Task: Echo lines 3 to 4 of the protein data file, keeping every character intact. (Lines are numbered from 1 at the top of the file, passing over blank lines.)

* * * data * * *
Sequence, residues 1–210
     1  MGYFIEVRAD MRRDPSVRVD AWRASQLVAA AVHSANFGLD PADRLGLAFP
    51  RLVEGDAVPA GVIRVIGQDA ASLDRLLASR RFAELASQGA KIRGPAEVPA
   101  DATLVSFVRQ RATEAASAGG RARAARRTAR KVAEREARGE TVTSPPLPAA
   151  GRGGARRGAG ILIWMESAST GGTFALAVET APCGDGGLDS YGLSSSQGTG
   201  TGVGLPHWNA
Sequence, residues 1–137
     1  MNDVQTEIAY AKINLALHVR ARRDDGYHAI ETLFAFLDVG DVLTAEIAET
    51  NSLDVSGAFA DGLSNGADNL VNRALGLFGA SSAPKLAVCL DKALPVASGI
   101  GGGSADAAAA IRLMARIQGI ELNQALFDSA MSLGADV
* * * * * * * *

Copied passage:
    51  RLVEGDAVPA GVIRVIGQDA ASLDRLLASR RFAELASQGA KIRGPAEVPA
   101  DATLVSFVRQ RATEAASAGG RARAARRTAR KVAEREARGE TVTSPPLPAA